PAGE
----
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Posted May 2, 2007
What a ride of the imagination and the soul!
Normally I can't finish fiction. I usually read non-fiction because I find the ideas more fascinating. Cameron Rogers has changed all that. He does what fiction is supposed to do: stretch your imagination into realms and dimensions you never even conceived could exist. It is a delicious, decadent and delightful journey. I am stunned at the beauty and mystery of The Music of Razors. Buy it for yourself and then buy a copy for your soulmate. They deserve to read it as much as you.Was this review helpful? Yes NoThank you for your feedback. Report this reviewThank you, this review has been flagged.
Posted December 9, 2008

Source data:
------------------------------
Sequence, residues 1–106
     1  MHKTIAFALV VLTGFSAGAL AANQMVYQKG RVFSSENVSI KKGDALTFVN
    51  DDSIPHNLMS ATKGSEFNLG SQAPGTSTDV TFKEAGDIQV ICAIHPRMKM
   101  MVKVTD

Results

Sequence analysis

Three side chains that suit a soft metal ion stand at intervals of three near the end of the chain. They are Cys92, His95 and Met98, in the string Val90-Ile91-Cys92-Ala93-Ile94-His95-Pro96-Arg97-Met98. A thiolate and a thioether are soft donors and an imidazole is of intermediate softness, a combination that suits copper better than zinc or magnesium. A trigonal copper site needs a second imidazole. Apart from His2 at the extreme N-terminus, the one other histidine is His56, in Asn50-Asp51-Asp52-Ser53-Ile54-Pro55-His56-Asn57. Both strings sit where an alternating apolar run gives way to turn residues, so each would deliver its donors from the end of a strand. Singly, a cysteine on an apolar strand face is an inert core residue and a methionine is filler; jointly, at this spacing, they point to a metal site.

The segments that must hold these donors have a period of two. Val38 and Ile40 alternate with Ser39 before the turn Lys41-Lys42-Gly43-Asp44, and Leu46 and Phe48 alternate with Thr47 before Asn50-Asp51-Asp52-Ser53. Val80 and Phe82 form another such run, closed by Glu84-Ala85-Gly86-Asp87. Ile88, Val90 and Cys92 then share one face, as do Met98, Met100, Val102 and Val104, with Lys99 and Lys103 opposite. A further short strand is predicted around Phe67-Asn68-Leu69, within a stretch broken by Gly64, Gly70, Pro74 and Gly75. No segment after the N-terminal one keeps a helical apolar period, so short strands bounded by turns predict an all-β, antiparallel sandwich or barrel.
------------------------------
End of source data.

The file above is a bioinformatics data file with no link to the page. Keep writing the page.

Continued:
Seventy two angels fell with Samael and a seventy third wanted to make a deal with him. However knowing how dangerous Samael is he aged the bones of another angel and used them to infuse each one with his own form and then scattered the pieces all over the world. Samuel rejected the Angel and while an angel can neither be killed nor unmade, God stripped the angel of everything that made him unique. Now nobody knows the angel exists including himself. That is the punishment God meted out to the angel who was rejected by heaven and hell.------------------------- In the nineteenth century, Henry a man who desperately wants to be a surgeon needs Dorian who knows something about the angel. He and Henry as well as a few others create a coven to summon someone who can tell him about the instruments that was made form the angel¿s bones. That séance turns deadly and Dorian disappears collecting the instruments in his travels until he meets Henry again in a small Arizona town and takes his place. He collects souls to barter with the winner of the war between heaven and hell but he is getting tired now and wants to find his replacement. He thinks he found that person in the child Walter but he escapes s by merging with that of the monster in the closet that was guarding him. Henry has set his sights on Walter¿s sister Hope and Walter will do anything to prevent it.--------------------------- Fans of cutting edge fantasy will enjoy this book as it spans a century of time that to beings that are more than mortal is like the blink of the eye. Reminiscent of the works of Neal Gaiman, THE MUSIC OF RAZORS has a surrealistic feel to it which makes the different times very easy to follow and understand. Cameron Rogers richly deserves the nomination for the Aureoles Award for Best fantasy in Australia that he received.------------ Harriet KlausnerWas this review helpful? Yes NoThank you for your feedback. Report this reviewThank you, this review has been flagged.